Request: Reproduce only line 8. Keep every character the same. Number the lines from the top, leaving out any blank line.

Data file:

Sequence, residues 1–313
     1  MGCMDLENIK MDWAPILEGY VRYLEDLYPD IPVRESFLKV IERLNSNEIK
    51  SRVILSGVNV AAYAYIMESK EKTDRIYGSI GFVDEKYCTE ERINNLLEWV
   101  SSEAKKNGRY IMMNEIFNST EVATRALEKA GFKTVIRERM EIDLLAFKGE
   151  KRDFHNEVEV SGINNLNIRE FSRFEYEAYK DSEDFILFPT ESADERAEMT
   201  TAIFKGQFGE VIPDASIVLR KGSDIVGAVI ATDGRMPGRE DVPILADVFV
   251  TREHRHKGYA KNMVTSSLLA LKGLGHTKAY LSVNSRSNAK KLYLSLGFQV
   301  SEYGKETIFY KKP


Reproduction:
   301  SEYGKETIFY KKP